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Military Disability Pay

A servicemember removed from the Temporary Disability Retired List (TDRL) who meets criteria as set forth in 10 U.S. Code Section 1203 is not eligible for Chapter 61 disability retirement but instead receives disability severance pay from the military. They are typically eligible under the following circumstances:

  1. The servicemember has less than 20 years of military service;
  2. The disability was not caused by intentional misconduct or willful neglect, or while the servicemember was AWOL;
  3. The disability is or is likely to be permanent;
  4. The disability is less than 30% and incurred in the line of duty or as the result of service;

If a military service member is unfit for duty, but not eligible for a normal 20-year retirement, he or she is separated with disability severance pay. The payment is not nearly as generous as the military retired pay, but it provides something.

What is the Amount of Disability Military Severance Pay?

There is a formula determined by 10 U.S. Code Section 1212 and it as follows: years of active duty service (maximum of 19) x 2 x base pay at the time of removal from the TDRL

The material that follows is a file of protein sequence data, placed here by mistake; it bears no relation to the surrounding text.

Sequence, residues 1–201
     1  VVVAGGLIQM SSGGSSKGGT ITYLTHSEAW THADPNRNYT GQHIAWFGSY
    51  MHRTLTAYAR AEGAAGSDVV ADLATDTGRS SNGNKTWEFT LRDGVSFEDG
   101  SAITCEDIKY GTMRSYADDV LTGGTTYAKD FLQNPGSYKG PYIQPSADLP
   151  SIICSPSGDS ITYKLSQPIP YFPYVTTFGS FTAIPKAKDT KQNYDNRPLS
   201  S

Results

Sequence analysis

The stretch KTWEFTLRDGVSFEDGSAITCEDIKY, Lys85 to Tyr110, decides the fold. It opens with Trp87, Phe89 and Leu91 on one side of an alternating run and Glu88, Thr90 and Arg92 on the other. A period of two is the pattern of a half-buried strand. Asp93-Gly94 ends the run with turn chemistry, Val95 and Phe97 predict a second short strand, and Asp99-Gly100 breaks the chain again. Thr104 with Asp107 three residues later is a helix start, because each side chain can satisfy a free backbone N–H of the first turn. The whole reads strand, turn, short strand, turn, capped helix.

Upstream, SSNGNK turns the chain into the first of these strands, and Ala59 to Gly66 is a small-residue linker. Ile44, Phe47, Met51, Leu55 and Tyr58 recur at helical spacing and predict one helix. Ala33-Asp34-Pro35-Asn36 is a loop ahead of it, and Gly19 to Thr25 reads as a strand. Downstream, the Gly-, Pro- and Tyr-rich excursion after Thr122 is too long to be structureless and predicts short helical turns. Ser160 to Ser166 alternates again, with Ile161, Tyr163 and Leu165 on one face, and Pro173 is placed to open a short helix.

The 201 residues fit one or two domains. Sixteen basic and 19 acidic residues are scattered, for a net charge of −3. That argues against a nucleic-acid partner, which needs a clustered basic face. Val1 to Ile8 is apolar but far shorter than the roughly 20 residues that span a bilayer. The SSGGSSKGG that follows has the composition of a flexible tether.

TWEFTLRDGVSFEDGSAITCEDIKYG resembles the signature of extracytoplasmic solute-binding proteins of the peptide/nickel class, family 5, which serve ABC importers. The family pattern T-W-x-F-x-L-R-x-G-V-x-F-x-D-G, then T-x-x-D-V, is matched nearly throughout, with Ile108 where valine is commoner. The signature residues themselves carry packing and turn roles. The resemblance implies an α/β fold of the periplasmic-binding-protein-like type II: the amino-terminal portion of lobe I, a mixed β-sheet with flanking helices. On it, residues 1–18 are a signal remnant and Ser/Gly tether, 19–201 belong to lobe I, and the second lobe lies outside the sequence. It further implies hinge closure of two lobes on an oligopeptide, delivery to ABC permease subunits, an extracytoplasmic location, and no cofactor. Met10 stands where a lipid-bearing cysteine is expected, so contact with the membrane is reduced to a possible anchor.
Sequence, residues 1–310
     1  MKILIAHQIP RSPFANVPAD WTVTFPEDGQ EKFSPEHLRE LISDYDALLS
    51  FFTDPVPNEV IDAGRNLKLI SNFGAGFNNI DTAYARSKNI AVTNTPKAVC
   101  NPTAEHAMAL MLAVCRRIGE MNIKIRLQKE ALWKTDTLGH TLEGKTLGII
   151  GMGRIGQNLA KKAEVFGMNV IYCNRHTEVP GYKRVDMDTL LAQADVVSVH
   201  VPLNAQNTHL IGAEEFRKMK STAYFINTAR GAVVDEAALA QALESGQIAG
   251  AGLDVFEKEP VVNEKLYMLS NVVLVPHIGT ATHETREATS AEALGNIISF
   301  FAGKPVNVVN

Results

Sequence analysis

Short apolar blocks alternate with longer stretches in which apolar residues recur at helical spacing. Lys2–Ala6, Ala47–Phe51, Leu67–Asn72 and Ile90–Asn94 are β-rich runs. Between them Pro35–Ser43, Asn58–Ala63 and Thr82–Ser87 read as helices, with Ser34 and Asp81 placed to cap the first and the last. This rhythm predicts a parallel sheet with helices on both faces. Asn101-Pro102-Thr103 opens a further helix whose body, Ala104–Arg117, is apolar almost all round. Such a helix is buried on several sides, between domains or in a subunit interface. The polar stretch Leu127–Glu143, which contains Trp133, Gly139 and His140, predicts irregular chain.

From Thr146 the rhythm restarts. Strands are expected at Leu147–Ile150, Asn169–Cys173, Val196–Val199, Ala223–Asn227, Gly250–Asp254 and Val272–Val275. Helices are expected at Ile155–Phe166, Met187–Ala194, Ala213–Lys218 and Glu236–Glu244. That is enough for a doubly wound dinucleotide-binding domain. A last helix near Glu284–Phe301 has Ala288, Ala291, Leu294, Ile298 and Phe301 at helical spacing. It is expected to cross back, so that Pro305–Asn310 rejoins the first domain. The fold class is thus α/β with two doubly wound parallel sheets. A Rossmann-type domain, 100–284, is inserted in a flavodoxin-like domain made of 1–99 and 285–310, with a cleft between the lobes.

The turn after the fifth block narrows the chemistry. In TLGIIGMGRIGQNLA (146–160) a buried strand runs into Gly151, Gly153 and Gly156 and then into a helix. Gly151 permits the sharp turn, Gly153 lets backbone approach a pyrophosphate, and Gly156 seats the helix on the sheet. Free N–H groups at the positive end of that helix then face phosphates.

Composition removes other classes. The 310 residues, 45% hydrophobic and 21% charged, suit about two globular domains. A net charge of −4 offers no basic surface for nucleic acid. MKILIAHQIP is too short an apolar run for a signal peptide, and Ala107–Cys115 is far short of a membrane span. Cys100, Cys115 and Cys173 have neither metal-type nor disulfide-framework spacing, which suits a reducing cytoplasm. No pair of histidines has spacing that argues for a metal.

The years and months of service are rounded to the nearest whole year with fewer than six months rounding down and six or more months rounding up.

The base pay is normally determined based upon the pay grade the servicemember was receiving at the time he or she was placed on the TDRL, however, if the servicemember was already selected for promotion when placed on TDRL, or had served in a higher grade, even if only temporarily, then the disability severance payments will use the higher pay grade. Disability severance payments are taxable and subject to income withholding (unless the disability was combat-related as determined by the military).

Disability Severance Pay and VA Disability Benefits

A military veteran receiving disability severance pay and also receiving a VA disability rating is also qualified to receive VA disability payments. The amount of disability severance is deducted from the VA disability benefits, unless the injury was in the line of duty in a hostile fire zone.

If you have a spouse who is receiving military disability pay, it is crucial to a fair outcome that you work with a knowledgeable and experienced military family law attorney. Call Pingel Family Law at (816) 208-8130 today to schedule your consultation. Put our knowledge and experience to work for your family!


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